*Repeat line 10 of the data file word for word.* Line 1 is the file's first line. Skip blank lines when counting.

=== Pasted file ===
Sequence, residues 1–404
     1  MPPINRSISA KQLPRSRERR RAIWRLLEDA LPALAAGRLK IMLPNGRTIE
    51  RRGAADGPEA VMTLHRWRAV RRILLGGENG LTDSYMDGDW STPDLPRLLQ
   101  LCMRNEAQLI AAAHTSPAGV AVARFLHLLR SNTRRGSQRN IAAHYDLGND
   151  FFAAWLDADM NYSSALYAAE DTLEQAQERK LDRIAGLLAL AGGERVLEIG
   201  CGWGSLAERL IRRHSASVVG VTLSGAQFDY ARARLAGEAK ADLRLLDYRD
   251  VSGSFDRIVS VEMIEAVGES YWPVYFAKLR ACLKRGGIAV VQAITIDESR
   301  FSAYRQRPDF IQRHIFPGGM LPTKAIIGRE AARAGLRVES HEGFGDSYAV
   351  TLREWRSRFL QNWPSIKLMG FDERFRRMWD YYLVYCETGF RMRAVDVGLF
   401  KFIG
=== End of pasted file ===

   401  KFIG